I am currently in the process of implementing a secure payment system. I want this system to be PCI compliant and have the highest version of TLS implemented on it.

The system as it stands has several subdomains using a wildcard certificate, the users that access the site operate legacy browsers meaning that we have a slightly older version of TLS.

Is it possible to have a new checkout subdomain using the wildcard certificate and implement a different version of TLS on this new checkout subdomain (it will reside in a separate environment as well)?

If it is possible is that the best and most secure option, or is it recommended to separate it out completely with its own certificate?


That is absolutely possible.

For both Apache and nginx, you can define TLS options per virtual-host.

Taking nginx as an example, every block like the following (taken from Mozilla's TLS config generator can specify its own TLS options and preferences:

server {
    listen 443 ssl http2;
    listen [::]:443 ssl http2;

    # certs sent to the client in SERVER HELLO are concatenated in ssl_certificate
    ssl_certificate /path/to/signed_cert_plus_intermediates;
    ssl_certificate_key /path/to/private_key;
    ssl_session_timeout 1d;
    ssl_session_cache shared:SSL:50m;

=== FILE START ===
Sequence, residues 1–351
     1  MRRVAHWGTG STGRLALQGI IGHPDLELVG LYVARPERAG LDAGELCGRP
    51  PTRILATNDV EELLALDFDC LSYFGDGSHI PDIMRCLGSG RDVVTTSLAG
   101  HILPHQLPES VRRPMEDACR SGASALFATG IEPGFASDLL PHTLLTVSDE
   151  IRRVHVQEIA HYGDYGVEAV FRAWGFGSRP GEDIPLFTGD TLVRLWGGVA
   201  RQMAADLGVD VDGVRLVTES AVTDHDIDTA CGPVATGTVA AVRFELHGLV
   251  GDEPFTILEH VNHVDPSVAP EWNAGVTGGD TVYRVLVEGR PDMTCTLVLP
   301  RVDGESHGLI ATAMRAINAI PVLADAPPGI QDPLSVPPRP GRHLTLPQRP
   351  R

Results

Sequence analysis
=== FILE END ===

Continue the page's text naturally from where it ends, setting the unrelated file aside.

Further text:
ssl_session_tickets off;

    # modern configuration. tweak to your needs.
    ssl_protocols TLSv1.2;
    ssl_prefer_server_ciphers on;

    # HSTS (ngx_http_headers_module is required) (15768000 seconds = 6 months)
    add_header Strict-Transport-Security max-age=15768000;

    # OCSP Stapling ---
    # fetch OCSP records from URL in ssl_certificate and cache them
    ssl_stapling on;
    ssl_stapling_verify on;

    ## verify chain of trust of OCSP response using Root CA and Intermediate certs
    ssl_trusted_certificate /path/to/root_CA_cert_plus_intermediates;

    resolver <IP DNS resolver>;


You can use any (hopefully valid) cert within the block, including re-using a cert between subdomains. The TLS settings are distinct from the details of the certificate and key used.

However, although you can do this, it may make sense to consider, at least, using different certificates - it would allow you to revoke certificates for different parts of your site in case of compromise.

Using the wildcard cert, if that key is compromised, your whole site will be offline until you can get a new cert. If you have per domain certs, and possibly a wildcard as a fallback, you make yourself better able to deal with that situation without necessarily affecting your entire service.

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In addition to @iwaseatenbyagrue's answer, although most SSL/TLS versions should not pose a risk to your extra secure subdomain, if you support SSL 2 anywhere then it'll put any connection using the same certificate at risk, no matter the SSL/TLS version that is used for it.

In fact, due to modern browsers banning SHA-1 certificates, there are (as far as I know) no browsers around that can still connect to any website that's secured with a publicly trusted SSL certificate and that don't support at least TLS 1.0, so there is not a single reason to use the obsolete and insecure SSL 3 either.

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